The department offers a limited number of awards on a competitive basis to graduate students enrolled in the department. The values of these awards may range from $2000 to $6000 per year. A student must apply annually, when a Call for Applications is issued, using a prescribed form to the Departmental Graduate Studies Committee (DGSC). Scholarship recipients are selected on the basis of the student’s academic performance and research record/potential.
Teaching Assistantships are considered additional work for additional income. The Teaching Assistant and his/her supervisor should agree on a schedule arrangement in order not to delay research activities. Each semester, the department announces and posts teaching assistant positions for various courses. Interested graduate students must apply using a prescribed form to the departmental Undergraduate Secretary. The course instructors select the Teaching Assistants for their courses among those who have applied. Pay scales are described in the Collective Agreement between McGill University and Association of Graduate Students Employed at McGill (A.G.S.E.M.). Teaching assistants are expected, in general, to correct course assignments, run tutorials and/or demonstrate laboratory experiments and correct laboratory reports. In the case of fully funded graduate students by their supervisor, the latter may prevent them from taking a teaching assistant position.
The Canada Research Chair in Sustainable Mineral Resource Development and Optimization Under Uncertainty and COSMO – Stochastic Mine Planning Laboratory offer several scholarships for graduate studies each year to motivated and highly-qualified students, valued at a minimum of: $21,000/year for PhD students and $17,500/year for MEng. Research projects are largely integrated to combine mine design and production scheduling with uncertainty, mineral project evaluation techniques, elements of orebody modelling, new stochastic simulation methods, and operations research. A key component of graduate work is the testing of new methods developed at mine sites worldwide, thus providing exposure to mining operations and interaction of new methods and reality.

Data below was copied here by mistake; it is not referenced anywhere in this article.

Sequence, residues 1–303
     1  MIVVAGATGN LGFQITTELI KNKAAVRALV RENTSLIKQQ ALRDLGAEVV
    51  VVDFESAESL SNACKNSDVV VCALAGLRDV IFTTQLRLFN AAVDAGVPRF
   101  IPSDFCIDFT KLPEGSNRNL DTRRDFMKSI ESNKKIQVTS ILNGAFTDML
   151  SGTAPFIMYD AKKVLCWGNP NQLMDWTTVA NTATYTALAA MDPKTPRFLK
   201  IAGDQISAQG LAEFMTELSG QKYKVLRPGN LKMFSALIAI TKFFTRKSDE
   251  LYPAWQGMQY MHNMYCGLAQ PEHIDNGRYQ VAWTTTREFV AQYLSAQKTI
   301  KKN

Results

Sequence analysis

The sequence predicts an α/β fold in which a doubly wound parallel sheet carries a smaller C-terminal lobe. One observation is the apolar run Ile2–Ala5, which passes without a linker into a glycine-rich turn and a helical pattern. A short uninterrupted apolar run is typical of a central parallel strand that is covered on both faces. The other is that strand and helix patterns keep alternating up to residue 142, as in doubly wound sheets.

Graduate students can also receive financial aid through loans and bursaries.
- To receive support from the Quebec Loans and Bursaries Program, students must be Canadian citizens or permanent residents, and be residents of Quebec registered as full-time students.
- Canadian residents from provinces other than Quebec can apply for Canada Student Loans and for loans from their province of residence. Information about Quebec, or Canada Student Loans is available from the Student Aid Office.
Administered by the department’s Graduate Studies Committee the purpose of the Travel Awards is to support Graduate Students in the department in their research efforts by partially funding travel to scholarly meetings or conferences where the student is presenting a paper related to their research. The awards vary per year but usually are about $500.